any respect. Another site, that contains much information, has the form
of a WIKI-site (anyone can freely contribute, i.e. there is no
structured table of contents, etc...) and is called "Sensei's Library"

Hope this helps
Date: Sat, 11 Sep 2004 18:26:22 +0900
From: Iyanaga Nobumi <>
Subject: Nisus Writer Express 2.0 released


I am glad to announce that Nisus Writer Express 2.0 has been released yesterday. It finally supports footnotes and endnotes, tables, user-defined styles, etc. I have not yet tried it extensively, so I cannot say how it is good. It is still very slow when you open a big file. But at least, there is a new choice of word-processor for Mac OS X other than Word, Apple Works and Mellel able to deal with footnotes/endnotes. Please have a look at:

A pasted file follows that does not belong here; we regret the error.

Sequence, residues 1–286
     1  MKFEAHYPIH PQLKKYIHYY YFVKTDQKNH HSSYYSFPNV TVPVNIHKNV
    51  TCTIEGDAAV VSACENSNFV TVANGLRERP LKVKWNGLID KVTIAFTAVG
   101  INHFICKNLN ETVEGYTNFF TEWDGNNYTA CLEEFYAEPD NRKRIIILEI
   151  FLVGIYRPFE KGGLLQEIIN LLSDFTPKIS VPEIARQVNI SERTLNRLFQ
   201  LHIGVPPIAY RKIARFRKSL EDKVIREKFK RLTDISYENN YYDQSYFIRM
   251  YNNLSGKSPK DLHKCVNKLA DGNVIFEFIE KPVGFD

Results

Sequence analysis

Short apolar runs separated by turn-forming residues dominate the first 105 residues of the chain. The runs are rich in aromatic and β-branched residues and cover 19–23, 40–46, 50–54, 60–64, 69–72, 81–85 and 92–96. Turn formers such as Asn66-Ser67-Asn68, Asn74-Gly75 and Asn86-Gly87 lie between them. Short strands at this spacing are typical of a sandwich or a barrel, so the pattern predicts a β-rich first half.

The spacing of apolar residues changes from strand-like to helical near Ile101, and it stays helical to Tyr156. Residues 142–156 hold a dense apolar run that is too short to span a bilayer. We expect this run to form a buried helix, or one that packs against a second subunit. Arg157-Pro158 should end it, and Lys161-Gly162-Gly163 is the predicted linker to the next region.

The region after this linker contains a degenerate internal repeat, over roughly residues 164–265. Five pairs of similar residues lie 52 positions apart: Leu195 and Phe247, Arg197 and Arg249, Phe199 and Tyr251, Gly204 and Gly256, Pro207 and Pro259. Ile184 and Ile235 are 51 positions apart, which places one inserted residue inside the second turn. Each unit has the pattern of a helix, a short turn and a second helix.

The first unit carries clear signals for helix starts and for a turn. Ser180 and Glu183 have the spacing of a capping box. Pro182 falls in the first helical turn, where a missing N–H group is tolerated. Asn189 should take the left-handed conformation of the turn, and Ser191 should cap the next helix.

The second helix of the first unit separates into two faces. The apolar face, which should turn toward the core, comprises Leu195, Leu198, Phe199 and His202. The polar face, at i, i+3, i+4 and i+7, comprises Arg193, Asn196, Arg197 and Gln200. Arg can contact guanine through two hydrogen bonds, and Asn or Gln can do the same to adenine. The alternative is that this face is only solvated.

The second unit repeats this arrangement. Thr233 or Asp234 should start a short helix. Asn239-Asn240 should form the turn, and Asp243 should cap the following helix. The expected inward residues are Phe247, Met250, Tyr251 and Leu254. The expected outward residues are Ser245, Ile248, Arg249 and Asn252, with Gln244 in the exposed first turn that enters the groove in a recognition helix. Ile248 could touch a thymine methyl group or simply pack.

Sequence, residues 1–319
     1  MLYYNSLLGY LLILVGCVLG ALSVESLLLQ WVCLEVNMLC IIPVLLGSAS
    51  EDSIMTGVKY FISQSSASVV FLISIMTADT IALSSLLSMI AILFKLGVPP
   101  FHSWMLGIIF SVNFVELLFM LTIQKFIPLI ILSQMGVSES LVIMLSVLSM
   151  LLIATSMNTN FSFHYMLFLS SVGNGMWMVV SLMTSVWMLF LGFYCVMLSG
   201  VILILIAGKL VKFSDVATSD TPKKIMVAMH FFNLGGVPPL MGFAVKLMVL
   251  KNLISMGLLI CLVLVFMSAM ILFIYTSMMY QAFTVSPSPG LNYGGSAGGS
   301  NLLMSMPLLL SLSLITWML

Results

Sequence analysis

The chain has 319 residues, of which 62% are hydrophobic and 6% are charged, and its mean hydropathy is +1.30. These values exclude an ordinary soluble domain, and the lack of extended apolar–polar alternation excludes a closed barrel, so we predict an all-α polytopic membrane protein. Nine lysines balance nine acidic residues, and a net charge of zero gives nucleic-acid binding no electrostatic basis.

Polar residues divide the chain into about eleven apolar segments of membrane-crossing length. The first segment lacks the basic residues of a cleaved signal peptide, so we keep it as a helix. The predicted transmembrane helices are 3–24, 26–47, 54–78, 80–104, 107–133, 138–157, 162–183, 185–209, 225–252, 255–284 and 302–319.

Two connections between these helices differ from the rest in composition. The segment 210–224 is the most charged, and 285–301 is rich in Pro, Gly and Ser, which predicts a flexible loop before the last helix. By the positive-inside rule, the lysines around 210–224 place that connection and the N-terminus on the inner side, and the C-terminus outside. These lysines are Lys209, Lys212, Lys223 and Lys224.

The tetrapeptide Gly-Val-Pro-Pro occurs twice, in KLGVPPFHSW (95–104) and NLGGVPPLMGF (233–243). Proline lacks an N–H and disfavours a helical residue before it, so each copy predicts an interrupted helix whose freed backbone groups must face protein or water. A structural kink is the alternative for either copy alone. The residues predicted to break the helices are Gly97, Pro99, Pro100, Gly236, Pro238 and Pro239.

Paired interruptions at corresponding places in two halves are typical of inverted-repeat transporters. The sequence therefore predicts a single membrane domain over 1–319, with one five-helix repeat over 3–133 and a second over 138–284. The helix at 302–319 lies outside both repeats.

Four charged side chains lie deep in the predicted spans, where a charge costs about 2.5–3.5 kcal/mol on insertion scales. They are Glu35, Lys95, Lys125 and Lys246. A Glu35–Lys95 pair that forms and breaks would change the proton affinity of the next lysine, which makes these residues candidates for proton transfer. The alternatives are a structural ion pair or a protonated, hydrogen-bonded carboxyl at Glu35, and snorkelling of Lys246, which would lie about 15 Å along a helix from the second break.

Best regards,

Nobumi Iyanaga
Date: Mon, 13 Sep 2004 15:30:47 +0200
From: "Karin Lofgren" <>
Subject: Re: McArthur and his cultural interest?

I would like to thank all who kindly helped me with suggestions on where to find further material on the "sparing of Kyoto" during World War 2. I found the article in Japanese Quarterly and this article helped me a lot. I will continue to search the other suggested threads as well. The subject is truly interesting and I hope to be able to put together my own article soon.

Thanks again


Karin Lofgren
Date: Tue, 14 Sep 2004 04:13:15 -0700
From: Roberta Strippoli <>
Subject: Kyoto Lectures September 24: Bernard Faure

Dear friends,
I just received this announcement for a Bernard Faure conference that I am
sure will attract many PMJS members in the Kansai area.
Wishing you a fruitful new academic year (or gakki)

Ecole Francaise d’Extreme-Orient EFEO